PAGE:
I have long had a love affair with South East Asia but never made it to Vietnam until 2 years ago. So much of my childhood and adolescence seemed tied to this place. It was because of the Vietnam War (rightly referred to as the American War here) that I developed a sense of social awareness and the power of peaceful protest to change the world. This was the TV war.
I grew aware and concerned because of the nightly bombardment of horrifying images as our house rules changed and we were suddenly allowed to watch TV over dinner. I attended my first protest marches, against my father’s wishes, in high school carrying banners to bring the Aussie troops home. I had my first prolonged debates with my father on the topic of the consequences of war over the dinner table much to my mother’s distress. I worked with some of the children who were victims of Agent Orange in the Adelaide Children’s Hospital in my college years, trying to build their self-esteem through puppet plays as the talented Cranial-Facial Unit reconstructed their faces. I saw first hand the refugees and boat people arrive, again via TV. I taught their children at a time when our nation welcomed them. I believed we had a social conscience and a responsibility to try to right some of the wrong our involvement in the war had caused. I feel proud that a former governor of South Australia was once a boat person and of Vietnamese decent.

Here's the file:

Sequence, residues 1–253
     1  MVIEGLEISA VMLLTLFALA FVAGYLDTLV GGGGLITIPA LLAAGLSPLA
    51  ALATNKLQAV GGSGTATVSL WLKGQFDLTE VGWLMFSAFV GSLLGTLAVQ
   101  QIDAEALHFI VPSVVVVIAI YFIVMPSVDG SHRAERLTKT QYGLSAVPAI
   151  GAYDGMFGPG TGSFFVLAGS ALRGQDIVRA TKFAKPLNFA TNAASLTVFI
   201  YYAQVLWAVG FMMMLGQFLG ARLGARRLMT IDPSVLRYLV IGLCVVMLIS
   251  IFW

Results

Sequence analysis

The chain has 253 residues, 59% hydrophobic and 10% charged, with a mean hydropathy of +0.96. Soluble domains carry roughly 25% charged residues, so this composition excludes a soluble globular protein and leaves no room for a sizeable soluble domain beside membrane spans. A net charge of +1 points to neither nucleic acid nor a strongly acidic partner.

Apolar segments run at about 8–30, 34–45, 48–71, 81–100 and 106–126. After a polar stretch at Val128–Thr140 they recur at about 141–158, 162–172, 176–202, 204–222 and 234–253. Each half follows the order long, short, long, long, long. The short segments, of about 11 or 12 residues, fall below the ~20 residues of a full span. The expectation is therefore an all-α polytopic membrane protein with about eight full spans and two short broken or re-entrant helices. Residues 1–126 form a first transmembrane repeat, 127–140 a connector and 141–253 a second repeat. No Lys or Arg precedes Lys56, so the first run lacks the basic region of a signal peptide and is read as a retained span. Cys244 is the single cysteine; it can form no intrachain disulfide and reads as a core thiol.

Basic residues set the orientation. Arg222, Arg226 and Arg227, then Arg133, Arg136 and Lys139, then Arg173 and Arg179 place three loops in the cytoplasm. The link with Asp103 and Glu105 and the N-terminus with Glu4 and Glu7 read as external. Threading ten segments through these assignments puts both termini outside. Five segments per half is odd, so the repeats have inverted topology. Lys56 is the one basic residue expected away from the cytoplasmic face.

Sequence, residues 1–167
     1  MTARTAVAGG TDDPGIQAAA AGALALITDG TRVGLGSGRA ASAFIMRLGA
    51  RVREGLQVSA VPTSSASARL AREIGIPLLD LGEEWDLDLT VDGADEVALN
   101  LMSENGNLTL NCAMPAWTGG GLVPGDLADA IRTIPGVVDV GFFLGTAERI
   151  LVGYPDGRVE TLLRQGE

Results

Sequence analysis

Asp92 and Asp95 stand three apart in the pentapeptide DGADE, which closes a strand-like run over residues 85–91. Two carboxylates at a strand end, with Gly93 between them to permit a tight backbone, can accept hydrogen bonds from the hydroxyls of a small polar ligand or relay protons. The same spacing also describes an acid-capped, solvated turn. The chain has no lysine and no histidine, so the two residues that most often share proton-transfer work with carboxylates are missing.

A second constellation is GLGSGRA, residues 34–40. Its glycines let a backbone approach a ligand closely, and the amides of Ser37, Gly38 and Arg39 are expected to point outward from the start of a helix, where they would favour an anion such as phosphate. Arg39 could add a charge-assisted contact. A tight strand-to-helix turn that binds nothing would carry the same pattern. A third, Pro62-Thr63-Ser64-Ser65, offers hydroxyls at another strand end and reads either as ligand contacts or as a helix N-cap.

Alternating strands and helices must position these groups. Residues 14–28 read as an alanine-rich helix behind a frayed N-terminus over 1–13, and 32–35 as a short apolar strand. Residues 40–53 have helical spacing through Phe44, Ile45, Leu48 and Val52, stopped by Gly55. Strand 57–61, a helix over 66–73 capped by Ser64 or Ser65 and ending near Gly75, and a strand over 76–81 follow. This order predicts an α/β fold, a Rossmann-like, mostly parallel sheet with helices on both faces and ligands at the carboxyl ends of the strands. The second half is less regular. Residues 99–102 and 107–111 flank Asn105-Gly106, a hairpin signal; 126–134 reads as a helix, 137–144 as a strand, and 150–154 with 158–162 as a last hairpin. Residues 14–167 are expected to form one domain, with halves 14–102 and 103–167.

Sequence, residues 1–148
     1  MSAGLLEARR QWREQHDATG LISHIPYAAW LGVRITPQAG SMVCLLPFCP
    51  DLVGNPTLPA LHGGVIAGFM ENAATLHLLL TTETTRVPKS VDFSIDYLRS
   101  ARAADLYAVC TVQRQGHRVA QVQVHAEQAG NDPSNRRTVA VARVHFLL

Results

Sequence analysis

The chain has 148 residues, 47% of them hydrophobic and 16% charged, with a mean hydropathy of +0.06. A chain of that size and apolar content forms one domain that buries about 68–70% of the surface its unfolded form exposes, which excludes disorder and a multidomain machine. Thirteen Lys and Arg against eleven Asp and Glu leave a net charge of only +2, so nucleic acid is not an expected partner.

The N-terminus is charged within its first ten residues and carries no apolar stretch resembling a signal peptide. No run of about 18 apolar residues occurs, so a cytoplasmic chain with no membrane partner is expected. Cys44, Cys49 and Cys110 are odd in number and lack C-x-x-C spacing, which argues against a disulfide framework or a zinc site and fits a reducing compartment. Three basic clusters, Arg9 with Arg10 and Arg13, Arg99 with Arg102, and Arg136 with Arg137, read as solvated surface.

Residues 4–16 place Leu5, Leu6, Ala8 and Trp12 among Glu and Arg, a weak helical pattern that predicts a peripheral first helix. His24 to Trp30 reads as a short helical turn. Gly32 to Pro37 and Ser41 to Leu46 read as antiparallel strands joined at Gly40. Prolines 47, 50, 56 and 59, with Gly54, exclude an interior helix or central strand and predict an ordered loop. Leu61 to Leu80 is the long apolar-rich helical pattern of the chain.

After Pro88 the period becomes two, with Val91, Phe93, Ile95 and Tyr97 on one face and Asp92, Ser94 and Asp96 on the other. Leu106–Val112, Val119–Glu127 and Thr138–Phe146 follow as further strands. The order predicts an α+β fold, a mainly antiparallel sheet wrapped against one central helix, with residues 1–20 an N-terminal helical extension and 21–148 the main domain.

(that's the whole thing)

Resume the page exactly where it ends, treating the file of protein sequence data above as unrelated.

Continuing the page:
So why did I wait so long to see Vietnam with my own eyes? I don’t know. What I do know is this is an amazing country with chaotic traffic and calm temples, entrepreneurial drive and hard work, exotic and delicious food, time honoured traditions and modern outlooks, culture and communism. This is a photo essay of the beauty and bustle that has marked this second lazy stroll through just Ho Chi Min City, Hoi An and Hanoi.